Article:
inflexible leave policies

So many companies have landed themselves in legal trouble over “inflexible leave policies” — those requiring workers to return to work after a certain amount of leave — that many firms are hesitant to enforce such a policy any longer. But a recent appeals court ruling could mean companies have more leeway in this area than they thought.   

The case is Hwang v. Kansas State University, and it hinged on the idea that all inflexible leave policies are inherently discriminatory.

Needed more than 6 months

Some background on this case: Kansas State had granted Hwang six months of leave. After she exhausted that leave time, Hwang requested additional leave.

Kansas State rejected Hwang’s request, citing its company policy which capped employees’ leave at six months, and she sued under the Rehabilitation Act — a law that covers government workers with disabilities.

It’s very similar to the Americans with Disabilities Act (ADA), and it prohibits the discrimination on the basis of an individual’s disability.

In Hwang’s lawsuit, she cited EEOC guidance and argued that Kansas State’s inflexible leave policy was inherently discriminatory. She also claimed Kansas State was required to provide her with additional leave as a reasonable accommodation.

A timeline for employers?

The court not only ruled in favor of the employer, it also offered a succinct explanation on why Hwang’s request wasn’t feasible.

The court commented on Hwang’s request for additional leave, saying it:

perhaps goes without saying that an employee who isn’t capable of working for [six months] isn’t an employee capable of performing a job’s essential functions — and that requiring an employer to keep a job open for so long doesn’t qualify as a reasonable accommodation. After all, reasonable accommodations — typically things like adding ramps or allowing more flexible working hours — are all about enabling employees to work, not to not work.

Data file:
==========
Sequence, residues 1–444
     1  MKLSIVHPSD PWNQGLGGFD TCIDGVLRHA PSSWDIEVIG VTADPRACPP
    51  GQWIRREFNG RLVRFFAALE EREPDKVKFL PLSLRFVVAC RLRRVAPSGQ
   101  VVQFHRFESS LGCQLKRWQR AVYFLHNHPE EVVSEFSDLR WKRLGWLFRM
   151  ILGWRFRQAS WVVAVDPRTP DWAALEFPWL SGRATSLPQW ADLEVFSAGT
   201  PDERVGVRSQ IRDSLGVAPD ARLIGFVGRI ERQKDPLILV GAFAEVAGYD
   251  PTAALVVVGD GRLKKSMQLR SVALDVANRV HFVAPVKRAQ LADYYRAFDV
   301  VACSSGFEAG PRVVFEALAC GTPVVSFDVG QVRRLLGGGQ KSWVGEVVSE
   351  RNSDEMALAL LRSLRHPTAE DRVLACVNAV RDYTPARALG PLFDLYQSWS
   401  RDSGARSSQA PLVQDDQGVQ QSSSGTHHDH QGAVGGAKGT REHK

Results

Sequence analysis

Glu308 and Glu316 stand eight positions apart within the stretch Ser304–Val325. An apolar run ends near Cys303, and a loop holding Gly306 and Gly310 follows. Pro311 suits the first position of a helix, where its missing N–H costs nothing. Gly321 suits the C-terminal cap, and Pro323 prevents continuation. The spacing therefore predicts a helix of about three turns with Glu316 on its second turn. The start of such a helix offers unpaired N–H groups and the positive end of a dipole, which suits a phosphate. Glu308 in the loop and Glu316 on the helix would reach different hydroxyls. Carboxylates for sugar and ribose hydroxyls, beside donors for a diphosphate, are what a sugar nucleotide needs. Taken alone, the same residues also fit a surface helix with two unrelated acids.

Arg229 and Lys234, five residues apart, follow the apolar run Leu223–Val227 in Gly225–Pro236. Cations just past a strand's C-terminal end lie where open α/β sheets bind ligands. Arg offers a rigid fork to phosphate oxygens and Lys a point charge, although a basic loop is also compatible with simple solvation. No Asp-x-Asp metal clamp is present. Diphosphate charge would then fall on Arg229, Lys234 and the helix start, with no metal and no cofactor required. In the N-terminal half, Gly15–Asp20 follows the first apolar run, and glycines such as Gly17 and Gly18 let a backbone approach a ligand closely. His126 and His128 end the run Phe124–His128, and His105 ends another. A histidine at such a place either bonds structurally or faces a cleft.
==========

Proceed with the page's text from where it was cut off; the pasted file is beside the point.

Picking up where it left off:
That statement is significant in and of itself because the court is essentially shooting down the argument that additional leave is a reasonable accommodation in most situations — a stance many employers feared courts were leaning toward.

Even more significant, however, is what the court said regarding the company’s six month leave policy and its ability to terminate workers who can’t return to work after their leave time is over.

According to the court, it’s:

difficult to conceive how an employee’s absence for six months … could be consistent with discharging [i.e., performing] the essential function of most any job in the national economy today.

With that statement, the court seems to be spelling out a timeline employers can use to deny additional leave, claiming more than six months of leave presents an undue hardship to business. In the past, courts have ruled that additional leave must be considered as a reasonable accommodation, but intentionally avoided mentioning specific time periods.

In fact, the closest we’ve seen is a ruling that touched on additional leave being unreasonable is a case where a court dismissed the idea that “indefinite” leave could be considered an accommodation under the ADA.

Here the court seems to be saying that keeping an employee’s position open for longer than six months would almost always present an undue hardship on the company.

Policy can ‘protect rather than threaten’

The court also offered some interesting commentary on how inflexible leave policies impact workers with disabilities.

As the court put it, these policies:

can serve to protect rather than threaten the rights of the disabled by ensuring disabled employees’ leave requests aren’t secretly singled out for discriminatory treatment, as can happen in a leave system with fewer rules, more discretion, and less transparency.

Although this decision’s certainly welcome news for employers, it’s important to remember that it’s just one appeals court — other federal circuits could certainly have ruled differently. Still, if your company ever finds itself in a similar legal snarl, it’s good to know that there is existing case law that argues in your favor.

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